Peter
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Last edited by peter scott on Sun Jun 28, 2009 9:04 pm; edited 1 time in total
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Jim.Walker



Joined: 27 Dec 2008
Posts: 1233
Location: Chesterfield

PostPosted: Sun Jun 28, 2009 5:10 pm    Post subject: Reply with quote

I like that one Peter. Though that often shows up on startup (and hasn't), it is something I have not checked.
I will do voltage drop tests across points, points to baseplate, baseplate to distributor body and distributor body to engine block.
You have also brought to mind the condition of the pigtail lead. And the coil to distributor lead.
I'll keep you posted.
Coil and condenser have both been checked by substitution.
Thanks.
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victor 101



Joined: 03 Apr 2009
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Location: East Yorkshire

PostPosted: Sun Jun 28, 2009 10:29 pm    Post subject: Reply with quote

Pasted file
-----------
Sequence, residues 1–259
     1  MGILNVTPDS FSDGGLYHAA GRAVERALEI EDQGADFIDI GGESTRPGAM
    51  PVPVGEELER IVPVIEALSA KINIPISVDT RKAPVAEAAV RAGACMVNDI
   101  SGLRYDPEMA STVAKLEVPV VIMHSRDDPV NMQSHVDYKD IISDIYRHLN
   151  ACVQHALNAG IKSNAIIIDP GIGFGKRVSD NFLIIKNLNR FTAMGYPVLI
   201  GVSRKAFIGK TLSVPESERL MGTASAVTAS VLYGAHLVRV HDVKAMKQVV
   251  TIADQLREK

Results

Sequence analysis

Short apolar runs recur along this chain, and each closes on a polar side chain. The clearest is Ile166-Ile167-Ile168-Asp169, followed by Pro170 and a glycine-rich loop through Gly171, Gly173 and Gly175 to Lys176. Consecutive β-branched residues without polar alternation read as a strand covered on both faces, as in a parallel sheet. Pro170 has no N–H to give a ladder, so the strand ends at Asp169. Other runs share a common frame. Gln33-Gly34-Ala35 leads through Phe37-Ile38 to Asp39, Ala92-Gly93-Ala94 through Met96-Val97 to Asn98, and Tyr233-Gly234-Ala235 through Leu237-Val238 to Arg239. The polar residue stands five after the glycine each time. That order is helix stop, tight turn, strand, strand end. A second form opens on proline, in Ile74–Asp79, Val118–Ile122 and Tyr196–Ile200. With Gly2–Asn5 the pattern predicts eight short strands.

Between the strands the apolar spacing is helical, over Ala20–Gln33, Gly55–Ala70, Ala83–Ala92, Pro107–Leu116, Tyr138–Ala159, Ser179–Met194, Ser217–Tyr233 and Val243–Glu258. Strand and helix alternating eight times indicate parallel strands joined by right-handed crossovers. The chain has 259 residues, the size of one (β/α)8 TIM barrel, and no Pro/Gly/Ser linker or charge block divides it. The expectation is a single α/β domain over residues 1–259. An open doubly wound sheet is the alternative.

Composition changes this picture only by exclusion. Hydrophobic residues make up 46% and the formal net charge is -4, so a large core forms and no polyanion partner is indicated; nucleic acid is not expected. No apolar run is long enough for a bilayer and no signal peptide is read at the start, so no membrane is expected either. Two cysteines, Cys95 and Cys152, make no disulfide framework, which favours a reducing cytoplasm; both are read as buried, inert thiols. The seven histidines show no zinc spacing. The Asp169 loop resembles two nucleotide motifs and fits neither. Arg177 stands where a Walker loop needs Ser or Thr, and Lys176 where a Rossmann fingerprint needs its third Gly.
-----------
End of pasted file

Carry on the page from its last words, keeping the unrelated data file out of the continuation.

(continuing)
Its certainly looking more like an ignition related problem, if it revs at 3000 rpm whilst stationary for more than ten or fifteen seconds or can stay in a lower gear on the road for the same sort of time, maybe your spark plugs are breaking down under load which might explain the roughness you describe.
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Phil - Nottingham



Joined: 01 Jan 2008
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Location: Nottingham

PostPosted: Sun Jun 28, 2009 10:41 pm    Post subject: Reply with quote

Whilst I think it is likely may be ignition related (especially the distributor earthing problem if it relies on teh baseplate screwes rather than a lead which canb eeasily checked) I had a very similar problem on my Rover P5B (VCool.

Tried everything including fueling problems and was suspecting camsahft or head gasket problems - it turned out to be a failing UJ which when replaced I discovered that it cured completely this "engine" roughness at higher revs.